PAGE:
Even before the post-9/11 vets came home, a phalanx of drug-making corporations led by Purdue Pharma had already gone to work on the VA. These Big Pharma corporations (many of which buy equipment from Koch Membrane Systems) had developed new pain medications — opioid narcoticslike OxyContin (Purdue), Vicodin, Percocet, Opana (Endo Pharmaceuticals), Duragesic, and Nucynta (Janssen, a subsidiary of Johnson & Johnson) — and they spotted a prospective marketplace. Early in 2001, Purdue developed a plan to spend hundreds of thousands of dollars targeting the VA. By the end of that year, this country was at war, and Big Pharma was looking at a gold mine.
They recruited doctors, set them up in private “Pain Foundations,” and paid them handsomely to give lectures and interviews, write studies and textbooks, teach classes in medical schools, and testify before Congress on the importance of providing our veterans with powerful painkillers. In 2002, the Food and Drug Administration considered restricting the use of opioids, fearing they might be addictive. They were talked out of it by experts like Dr. Rollin Gallagher of the American Academy of Pain Medicine and board member of the American Pain Foundation, both largely funded by the drug companies. He spoke against restricting OxyContin.
By 2008, congressional legislation had been written — the Veterans’ Mental Health and Other Care Improvement Act — directing the VA to develop a plan to evaluate all patients for pain. When the VA objected to Congress dictating its medical procedures, Big Pharma launched a “Freedom from Pain” media blitz, enlisting veterans’ organizations to campaign for the bill and get it passed.
Those painkillers were also dispatched to the war zones where our troops were physically breaking down under the weight of the equipment they carried. By 2010, a third of the Army’s soldiers were on prescription medications — and nearly half of them, 76,500, were on prescription opioids — which proved to be highly addictive, despite the assurance of experts like Rollin Gallagher. In 2007, for instance, “The American Veterans and Service Members Survival Guide,” distributed by the American Pain Foundation and edited by Gallagher, offered this assurance: “[W]hen used for medical purposes and under the guidance of a skilled health-care provider, the risk of addiction from opioid pain medication is very low.”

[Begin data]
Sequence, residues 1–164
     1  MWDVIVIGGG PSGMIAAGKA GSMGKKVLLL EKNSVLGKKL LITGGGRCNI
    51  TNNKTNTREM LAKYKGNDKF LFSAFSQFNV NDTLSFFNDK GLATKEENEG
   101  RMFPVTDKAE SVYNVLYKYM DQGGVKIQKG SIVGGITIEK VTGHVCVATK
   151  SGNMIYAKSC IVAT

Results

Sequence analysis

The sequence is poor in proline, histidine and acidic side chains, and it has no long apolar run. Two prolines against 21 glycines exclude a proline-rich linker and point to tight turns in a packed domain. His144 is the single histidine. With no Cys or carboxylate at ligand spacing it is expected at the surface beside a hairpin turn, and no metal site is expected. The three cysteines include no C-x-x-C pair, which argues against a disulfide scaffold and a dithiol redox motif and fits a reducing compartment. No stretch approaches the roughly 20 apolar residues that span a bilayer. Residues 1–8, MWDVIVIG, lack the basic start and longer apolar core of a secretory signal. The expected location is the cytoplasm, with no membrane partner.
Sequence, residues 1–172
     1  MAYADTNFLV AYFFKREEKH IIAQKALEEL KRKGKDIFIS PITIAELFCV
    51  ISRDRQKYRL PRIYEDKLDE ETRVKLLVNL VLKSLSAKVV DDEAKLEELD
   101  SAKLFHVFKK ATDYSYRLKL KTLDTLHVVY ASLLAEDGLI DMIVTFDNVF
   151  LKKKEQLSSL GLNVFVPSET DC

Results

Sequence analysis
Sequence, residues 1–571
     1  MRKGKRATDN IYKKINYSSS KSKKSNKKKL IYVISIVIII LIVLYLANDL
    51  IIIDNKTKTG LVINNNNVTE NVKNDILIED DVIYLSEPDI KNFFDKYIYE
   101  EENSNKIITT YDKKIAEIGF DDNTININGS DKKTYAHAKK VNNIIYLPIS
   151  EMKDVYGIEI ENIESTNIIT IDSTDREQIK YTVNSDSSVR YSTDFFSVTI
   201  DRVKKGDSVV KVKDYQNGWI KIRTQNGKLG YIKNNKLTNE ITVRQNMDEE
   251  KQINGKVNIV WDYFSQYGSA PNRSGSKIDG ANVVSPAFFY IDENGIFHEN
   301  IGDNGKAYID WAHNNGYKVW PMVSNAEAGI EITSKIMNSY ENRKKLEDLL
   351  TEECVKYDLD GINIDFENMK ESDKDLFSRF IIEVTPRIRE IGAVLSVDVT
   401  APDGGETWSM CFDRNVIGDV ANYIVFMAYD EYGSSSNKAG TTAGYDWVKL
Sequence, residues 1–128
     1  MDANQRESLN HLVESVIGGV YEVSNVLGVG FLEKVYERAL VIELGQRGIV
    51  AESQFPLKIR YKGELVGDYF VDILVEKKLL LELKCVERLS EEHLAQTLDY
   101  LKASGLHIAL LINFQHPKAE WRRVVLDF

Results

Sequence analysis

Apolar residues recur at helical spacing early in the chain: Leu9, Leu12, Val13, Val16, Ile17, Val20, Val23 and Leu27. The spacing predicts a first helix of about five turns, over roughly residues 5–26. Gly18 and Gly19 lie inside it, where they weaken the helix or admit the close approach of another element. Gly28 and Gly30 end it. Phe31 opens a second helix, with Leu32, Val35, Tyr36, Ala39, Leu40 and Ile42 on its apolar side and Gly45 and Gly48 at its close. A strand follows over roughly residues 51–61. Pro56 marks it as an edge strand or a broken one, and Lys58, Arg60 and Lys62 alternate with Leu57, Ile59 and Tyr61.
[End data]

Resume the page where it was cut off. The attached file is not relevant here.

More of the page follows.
By that time, here at home, soldiers and vets were dying at astonishing rates from accidental or deliberate overdoses. . .
Of course, drug companies must charge high prices to cover their lobbying expenses. David Lazarus writes in the LA Times:
Pharmaceutical heavyweight Mylan, the latest poster child for drug-industry greed, finally stuck up for itself Thursday. It argued that “the system,” not avarice, was to blame for the company jacking up the price of EpiPens, a common (and life-saving) allergy remedy, by over 400%.
“Look, no one’s more frustrated than me,” Mylan Chief Executive Heather Bresch declared on CNBC.
Actually, millions of people — those with chronic medical conditions or other illnesses — are more frustrated than her. [And, I’ll point out, if the high price is so damn frustrating to her, she has the power as CEO to lower the price. Probably didn’t occur to her. – LG]
Despite Mylan’s offer Thursday of discount coupons for some EpiPen users, the only system at work here is a cash-fat industry routinely preying on sick people. It’s a system that the drug industry will do whatever’s necessary to protect.
Of roughly $250 million raised for and against 17 ballot measures coming before California voters in November, more than a quarter of that amount — about $70 million — has been contributed by deep-pocketed drug companies to defeat the state’s Drug Price Relief Act.
Contributions aimed at killing the initiative are on track to be the most raised involving a single ballot measure since 2001, the earliest year for which online data are available, according to MapLight, a nonpartisan organization that tracks money in politics.
The Drug Price Relief Act would make prescription drugs more affordable for people in Medi-Cal and other state programs by requiring that California pay no more than what’s paid for the same drugs by the U.S. Department of Veterans Affairs. It would, in other words, protect state taxpayers from being ripped off.
Industry donations to crush the Drug Price Relief Act “will top $100 million by the election, I’m quite certain of it,” said Michael Weinstein, president of the AIDS Healthcare Foundation and a leading backer of the state measure, also known as Proposition 61. “They see this as the apocalypse for their business model.”
The drug industry already has succeeded in eviscerating Senate Bill 1010, legislation in Sacramento that would have required pharmaceutical companies to detail the costs of producing medicine and explain any price increases. The bill’s author, state Sen. Ed Hernandez (D-West Covina), pulled it from consideration last week after industry lobbyists succeeded in watering it down with business-friendly provisions.